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The Price of Caring About “Evidence”

Originally published . Last modified .

In 2012 one of the offices in the government of the State of South Carolina suffered a digital breach. Reporting at the time estimated that the total cost of the breach was $14m, with incident response costs alone estimates at $500,000.

The 2013 NetDiligence survey of data breach insurance payouts reports that of the 140 claims submitted to insurers, 88 reported claims payouts. Of the $84m in total payouts, roughly half was spent on crisis services (IR, forensics, victim notification, etc.). The largest payout for crisis services was $11.5m, while the average payout was just over $700,000.

There are a number of reasons why IR is so expensive. Focus on the “crisis services” part as the insurance industry does and think about what it entails: logs have to be collected, aggregated and analyzed; people need to be interviewed; IOCs need to be searched for; infected systems need to be pulled off-line and imaged; forensics needs to be employed to search for breach details…all of this done by subject matter experts that bill north of $400/hour and have to fly in from out of town.

The practice of IR can trace its roots to the government and in particular law enforcement. Look at the bios of every long-serving and well-respective name in IR and they all tend to have one thing in common: they’re former federal agents who specialized in computer crime investigations. That’s an awesome credential and base of experience, but what is that law enforcement background doing for you?

I can tell you what it isn’t doing: accelerating detection or driving down costs.

Listen to the language your consulting IR team uses. You tend to hear the word “evidence” a lot, which would be great if you were interested in going to court: odds are you are not. The search for evidence is expensive and disruptive and can have almost as negative impact on your business as the breach itself. If you’re like the customers we support, you just want the pain to stop so you can get back to work; a law enforcement-centric approach doesn’t help you do that…at least not in a timely fashion.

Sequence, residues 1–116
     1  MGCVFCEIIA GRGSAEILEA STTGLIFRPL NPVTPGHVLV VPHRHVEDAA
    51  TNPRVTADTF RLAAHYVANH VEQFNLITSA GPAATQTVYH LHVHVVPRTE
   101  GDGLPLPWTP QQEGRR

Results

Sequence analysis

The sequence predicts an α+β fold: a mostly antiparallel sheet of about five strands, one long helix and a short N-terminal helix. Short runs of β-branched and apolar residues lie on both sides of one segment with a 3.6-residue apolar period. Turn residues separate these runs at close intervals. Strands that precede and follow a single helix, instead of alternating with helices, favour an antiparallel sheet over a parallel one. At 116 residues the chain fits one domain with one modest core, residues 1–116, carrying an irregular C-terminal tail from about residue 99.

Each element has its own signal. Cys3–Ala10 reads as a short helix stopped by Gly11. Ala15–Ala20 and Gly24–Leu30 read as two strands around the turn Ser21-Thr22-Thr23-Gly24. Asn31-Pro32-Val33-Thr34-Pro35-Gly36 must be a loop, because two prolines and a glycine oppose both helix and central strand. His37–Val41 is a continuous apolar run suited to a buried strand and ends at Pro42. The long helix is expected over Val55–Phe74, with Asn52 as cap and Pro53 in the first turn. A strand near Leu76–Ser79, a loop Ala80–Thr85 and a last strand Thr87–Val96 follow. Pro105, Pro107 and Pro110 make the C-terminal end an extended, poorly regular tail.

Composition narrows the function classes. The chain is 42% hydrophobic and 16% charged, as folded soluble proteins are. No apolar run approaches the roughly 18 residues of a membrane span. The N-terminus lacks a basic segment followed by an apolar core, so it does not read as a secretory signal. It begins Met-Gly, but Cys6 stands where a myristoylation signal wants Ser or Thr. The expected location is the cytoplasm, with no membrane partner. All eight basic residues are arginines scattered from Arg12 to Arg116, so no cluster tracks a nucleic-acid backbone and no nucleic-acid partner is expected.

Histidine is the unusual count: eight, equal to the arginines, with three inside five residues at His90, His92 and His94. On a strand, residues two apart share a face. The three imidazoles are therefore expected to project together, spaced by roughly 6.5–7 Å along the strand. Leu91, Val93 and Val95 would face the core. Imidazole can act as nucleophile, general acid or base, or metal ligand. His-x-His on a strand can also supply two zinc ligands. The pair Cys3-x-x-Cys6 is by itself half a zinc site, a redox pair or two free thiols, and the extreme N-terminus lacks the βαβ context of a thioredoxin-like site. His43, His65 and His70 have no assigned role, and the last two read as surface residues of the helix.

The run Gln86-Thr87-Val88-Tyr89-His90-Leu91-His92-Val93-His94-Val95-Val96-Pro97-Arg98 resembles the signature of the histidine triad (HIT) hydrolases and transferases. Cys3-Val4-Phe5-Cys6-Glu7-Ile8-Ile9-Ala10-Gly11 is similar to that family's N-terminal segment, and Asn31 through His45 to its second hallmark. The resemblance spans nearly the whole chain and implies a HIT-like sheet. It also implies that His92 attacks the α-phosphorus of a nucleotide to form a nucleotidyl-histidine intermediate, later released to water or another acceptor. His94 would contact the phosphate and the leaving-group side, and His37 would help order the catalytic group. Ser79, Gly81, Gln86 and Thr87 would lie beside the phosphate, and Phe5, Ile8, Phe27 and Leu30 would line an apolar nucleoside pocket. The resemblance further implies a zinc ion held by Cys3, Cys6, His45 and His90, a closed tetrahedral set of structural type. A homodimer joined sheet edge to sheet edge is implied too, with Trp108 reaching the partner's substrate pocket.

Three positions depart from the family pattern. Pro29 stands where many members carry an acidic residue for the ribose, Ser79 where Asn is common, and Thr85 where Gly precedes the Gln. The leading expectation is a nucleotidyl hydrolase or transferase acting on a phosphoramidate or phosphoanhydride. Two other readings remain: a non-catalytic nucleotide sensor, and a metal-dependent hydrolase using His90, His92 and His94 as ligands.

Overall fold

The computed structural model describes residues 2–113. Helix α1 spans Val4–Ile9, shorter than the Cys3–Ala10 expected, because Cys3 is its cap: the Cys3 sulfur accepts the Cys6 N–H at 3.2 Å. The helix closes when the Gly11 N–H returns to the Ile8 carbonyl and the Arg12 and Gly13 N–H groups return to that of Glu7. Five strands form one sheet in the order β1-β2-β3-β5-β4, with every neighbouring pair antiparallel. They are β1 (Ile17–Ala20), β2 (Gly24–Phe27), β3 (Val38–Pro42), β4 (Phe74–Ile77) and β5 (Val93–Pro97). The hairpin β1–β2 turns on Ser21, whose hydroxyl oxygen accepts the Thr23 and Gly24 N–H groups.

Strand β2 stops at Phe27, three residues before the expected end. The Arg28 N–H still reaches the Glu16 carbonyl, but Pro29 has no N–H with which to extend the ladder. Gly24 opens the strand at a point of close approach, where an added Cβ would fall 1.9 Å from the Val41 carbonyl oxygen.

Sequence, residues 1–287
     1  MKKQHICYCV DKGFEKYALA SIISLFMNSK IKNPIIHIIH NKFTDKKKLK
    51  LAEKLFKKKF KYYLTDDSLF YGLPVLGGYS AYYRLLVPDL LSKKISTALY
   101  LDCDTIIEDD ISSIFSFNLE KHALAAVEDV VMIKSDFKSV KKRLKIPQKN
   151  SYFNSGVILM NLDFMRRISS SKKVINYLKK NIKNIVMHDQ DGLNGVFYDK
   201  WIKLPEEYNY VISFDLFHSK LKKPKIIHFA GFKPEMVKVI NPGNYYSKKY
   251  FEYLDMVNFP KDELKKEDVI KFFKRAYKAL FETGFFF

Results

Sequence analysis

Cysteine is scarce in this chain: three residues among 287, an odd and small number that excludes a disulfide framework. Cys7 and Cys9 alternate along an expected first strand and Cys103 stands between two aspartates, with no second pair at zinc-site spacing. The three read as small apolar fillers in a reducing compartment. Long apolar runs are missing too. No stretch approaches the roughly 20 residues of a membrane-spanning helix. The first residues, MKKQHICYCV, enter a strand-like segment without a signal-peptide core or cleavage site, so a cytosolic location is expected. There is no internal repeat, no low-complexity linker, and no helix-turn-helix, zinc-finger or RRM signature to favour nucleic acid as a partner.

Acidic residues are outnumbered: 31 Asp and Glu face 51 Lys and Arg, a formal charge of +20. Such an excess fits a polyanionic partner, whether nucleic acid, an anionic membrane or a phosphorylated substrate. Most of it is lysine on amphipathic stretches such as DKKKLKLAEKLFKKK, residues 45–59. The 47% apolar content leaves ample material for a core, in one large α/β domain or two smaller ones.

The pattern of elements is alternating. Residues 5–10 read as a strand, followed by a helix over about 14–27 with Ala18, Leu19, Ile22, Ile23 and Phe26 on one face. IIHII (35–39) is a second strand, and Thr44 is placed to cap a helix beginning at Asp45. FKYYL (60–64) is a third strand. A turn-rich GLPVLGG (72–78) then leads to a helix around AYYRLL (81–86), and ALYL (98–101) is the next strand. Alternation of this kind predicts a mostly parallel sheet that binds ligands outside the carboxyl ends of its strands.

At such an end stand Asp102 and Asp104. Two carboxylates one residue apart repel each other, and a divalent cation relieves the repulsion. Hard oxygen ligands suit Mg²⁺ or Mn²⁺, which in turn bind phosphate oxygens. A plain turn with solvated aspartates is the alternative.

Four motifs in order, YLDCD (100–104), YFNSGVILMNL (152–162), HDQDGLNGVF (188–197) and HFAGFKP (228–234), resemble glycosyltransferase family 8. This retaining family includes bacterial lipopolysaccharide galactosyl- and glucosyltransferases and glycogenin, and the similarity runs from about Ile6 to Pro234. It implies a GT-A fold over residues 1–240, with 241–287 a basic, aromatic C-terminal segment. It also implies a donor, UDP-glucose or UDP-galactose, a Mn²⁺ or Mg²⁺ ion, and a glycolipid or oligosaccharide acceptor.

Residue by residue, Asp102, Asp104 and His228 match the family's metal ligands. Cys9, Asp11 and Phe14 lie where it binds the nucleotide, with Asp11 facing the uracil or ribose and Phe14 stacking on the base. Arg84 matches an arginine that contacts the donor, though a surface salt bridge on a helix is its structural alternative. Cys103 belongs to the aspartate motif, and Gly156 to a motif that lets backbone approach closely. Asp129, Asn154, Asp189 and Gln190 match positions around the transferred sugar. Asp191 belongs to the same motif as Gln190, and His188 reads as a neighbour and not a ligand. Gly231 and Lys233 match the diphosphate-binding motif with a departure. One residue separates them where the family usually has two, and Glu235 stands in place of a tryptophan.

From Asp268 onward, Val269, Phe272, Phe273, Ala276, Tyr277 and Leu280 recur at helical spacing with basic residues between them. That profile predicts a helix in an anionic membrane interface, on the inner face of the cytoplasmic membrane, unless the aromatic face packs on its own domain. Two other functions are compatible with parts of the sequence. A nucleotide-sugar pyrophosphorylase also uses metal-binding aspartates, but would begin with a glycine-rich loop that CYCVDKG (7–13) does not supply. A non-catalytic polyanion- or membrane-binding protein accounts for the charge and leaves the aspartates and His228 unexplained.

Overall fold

We approach the problem from a different angle. We’re constantly gathering factual, irrefutable data about what happens across your enterprise: a comprehensive picture of precisely what happens as it happens, not odds-and-ends found weeks or months after the fact. Rather than present you with a theory of what happened long after your valuable data is gone, we identify and can address root causes in minutes. We are not exactly “pre-crime” but we are most certainly not post-mortem.

What does this change in approach to IR mean for you? No one can promise that you’ll never be breached again, but we can promise that the days expensive and disruptive IR engagements are over. Because of the insight we have our customers know more about what is happening on their systems faster. They find that the overall need for security expertise is more consistent, without the wild swings of thinking everything is OK, and then panic when it is clear things have not been OK for months on end.

There may be times when you need to follow the detailed, tried and trusted methodology for IR, and we can certainly provide more than enough meaningful data to support whatever approach to hacks and breaches you need to adhere to, but there is no reason to adhere to a methodology that doesn’t accomplish your goals just because that’s how everyone else is doing it.

When you’re ready to learn more let us know.


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